I mentioned before the following theorem of Hofmann and Russo, extending earlier work by Levai and Pyber on the profinite case.

Theorem 1 (Hofmann and Russo)If is a compact group of positive commuting probability then the FC-center is an open subgroup of with finite-index center .

(I actually stated this theorem incorrectly previously, asserting the conclusion as well; this is clearly false in general, for instance for .)

Here the *FC-center* of a group is the subgroup of elements with finitely many conjugates. In general a group is called FC if each of its elements has finitely many conjugates, and BFC if its elements have boundedly many conjugates. A theorem of Bernhard Neumann states that a group is BFC if and only if is finite.

I noticed today that one can prove this theorem rather easily by adapting the proof of Peter Neumann’s theorem that a finite group with commuting probability bounded away from is small-by-abelian-by-small. Some parts of the argument below are present in scattered places in the above two papers, but I repeat them for completeness.

*Proof:* Let be the normalised Haar measure of , and suppose that

Let be the set of elements in with at most conjugates. Then is closed, since any element with at least distinct conjugates has a neighbourhood such that for all the points are distinct. Since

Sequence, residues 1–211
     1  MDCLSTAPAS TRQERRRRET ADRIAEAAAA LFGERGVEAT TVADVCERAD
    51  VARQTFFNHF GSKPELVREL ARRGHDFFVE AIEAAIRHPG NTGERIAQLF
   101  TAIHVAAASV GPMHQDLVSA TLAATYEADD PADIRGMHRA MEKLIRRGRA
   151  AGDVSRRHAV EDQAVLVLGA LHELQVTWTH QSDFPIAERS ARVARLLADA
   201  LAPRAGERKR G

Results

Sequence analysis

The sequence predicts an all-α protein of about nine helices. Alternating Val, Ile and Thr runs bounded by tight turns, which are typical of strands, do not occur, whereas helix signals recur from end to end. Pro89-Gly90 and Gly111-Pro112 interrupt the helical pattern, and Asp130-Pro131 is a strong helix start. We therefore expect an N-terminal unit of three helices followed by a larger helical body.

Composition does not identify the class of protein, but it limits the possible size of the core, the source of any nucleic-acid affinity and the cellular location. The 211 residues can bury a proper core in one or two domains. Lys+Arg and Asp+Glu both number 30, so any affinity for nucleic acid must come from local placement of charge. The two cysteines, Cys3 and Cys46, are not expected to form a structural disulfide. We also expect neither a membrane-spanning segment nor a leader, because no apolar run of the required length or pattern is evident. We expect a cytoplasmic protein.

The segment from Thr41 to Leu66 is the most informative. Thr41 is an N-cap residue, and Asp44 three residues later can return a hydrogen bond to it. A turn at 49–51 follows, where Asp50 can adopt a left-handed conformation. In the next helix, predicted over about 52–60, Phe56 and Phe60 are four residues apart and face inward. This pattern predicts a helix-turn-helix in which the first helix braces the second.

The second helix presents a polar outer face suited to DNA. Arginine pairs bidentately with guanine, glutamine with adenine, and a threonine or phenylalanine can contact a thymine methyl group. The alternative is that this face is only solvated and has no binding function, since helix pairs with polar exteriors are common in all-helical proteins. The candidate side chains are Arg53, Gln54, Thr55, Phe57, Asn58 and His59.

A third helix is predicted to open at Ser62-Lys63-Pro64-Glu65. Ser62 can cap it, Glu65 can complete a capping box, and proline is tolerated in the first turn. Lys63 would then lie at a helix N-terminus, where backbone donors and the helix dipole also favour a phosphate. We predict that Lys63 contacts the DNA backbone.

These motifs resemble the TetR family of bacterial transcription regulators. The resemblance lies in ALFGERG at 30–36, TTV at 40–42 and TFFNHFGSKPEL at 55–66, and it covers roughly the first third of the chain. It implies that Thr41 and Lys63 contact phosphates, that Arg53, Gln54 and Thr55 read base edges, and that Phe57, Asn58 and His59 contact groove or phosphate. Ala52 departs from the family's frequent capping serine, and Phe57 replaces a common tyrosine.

we see that for all . This implies that the group generated by is generated in at most steps, i.e., , which implies that is an open BFC subgroup of . Since is an increasing sequence of finite-index subgroups it must terminate with some subgroup , and in fact must be the FC-center of . This proves that is an open BFC subgroup of .

In particular in its own right is a compact group with finite (by the theorem of Bernhard Neumann mentioned at the top of the page). Since the commutator map is a continuous map to a discrete set satisfying there must be a neighbourhood of such that . This implies that is open, hence of finite-index in .

For me, the Hofmann-Russo theorem is a negative result: it states that commuting probability does not extend in an interesting way to the category of compact groups. To be more specific we have the following corollary.

Corollary 2If is a compact group of commuting probability then there is a finite group also of commuting probability .

We need a simple lemma before proving the corollary.

Lemma 3For each there is a finite group of commuting probability .

*Proof:* If is odd then has commuting probability . We can use this formula alone and induction on to define appropriate groups . Take and . If is even take . If take . If take .

An *isoclinism* between two groups and is a pair of isomorphisms and which together respect the commutator map . Clearly isoclinism preserves commuting probability. A basic theorem on isoclinism, due to Hall, is that every group is isoclinic to a *stem group*, a group satisfying . We can now prove the corollary.

*Proof:* Proof of corollary: By the theorem the FC-center of has finite-index, say , and moreover has finite-index center and therefore finite commutator subgroup . Let be a stem group isoclinic to . Then and have the same commuting probability, and is finite since , , and , so we can take .